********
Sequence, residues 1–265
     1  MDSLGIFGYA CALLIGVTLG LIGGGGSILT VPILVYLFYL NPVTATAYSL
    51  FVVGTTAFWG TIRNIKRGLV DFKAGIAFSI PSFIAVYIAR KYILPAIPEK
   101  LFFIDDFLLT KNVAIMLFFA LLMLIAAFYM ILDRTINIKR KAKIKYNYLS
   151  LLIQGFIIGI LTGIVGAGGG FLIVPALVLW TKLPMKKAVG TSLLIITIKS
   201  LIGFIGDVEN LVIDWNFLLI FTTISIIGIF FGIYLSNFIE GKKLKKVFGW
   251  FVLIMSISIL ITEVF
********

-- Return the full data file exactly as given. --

Sequence, residues 1–265
     1  MDSLGIFGYA CALLIGVTLG LIGGGGSILT VPILVYLFYL NPVTATAYSL
    51  FVVGTTAFWG TIRNIKRGLV DFKAGIAFSI PSFIAVYIAR KYILPAIPEK
   101  LFFIDDFLLT KNVAIMLFFA LLMLIAAFYM ILDRTINIKR KAKIKYNYLS
   151  LLIQGFIIGI LTGIVGAGGG FLIVPALVLW TKLPMKKAVG TSLLIITIKS
   201  LIGFIGDVEN LVIDWNFLLI FTTISIIGIF FGIYLSNFIE GKKLKKVFGW
   251  FVLIMSISIL ITEVF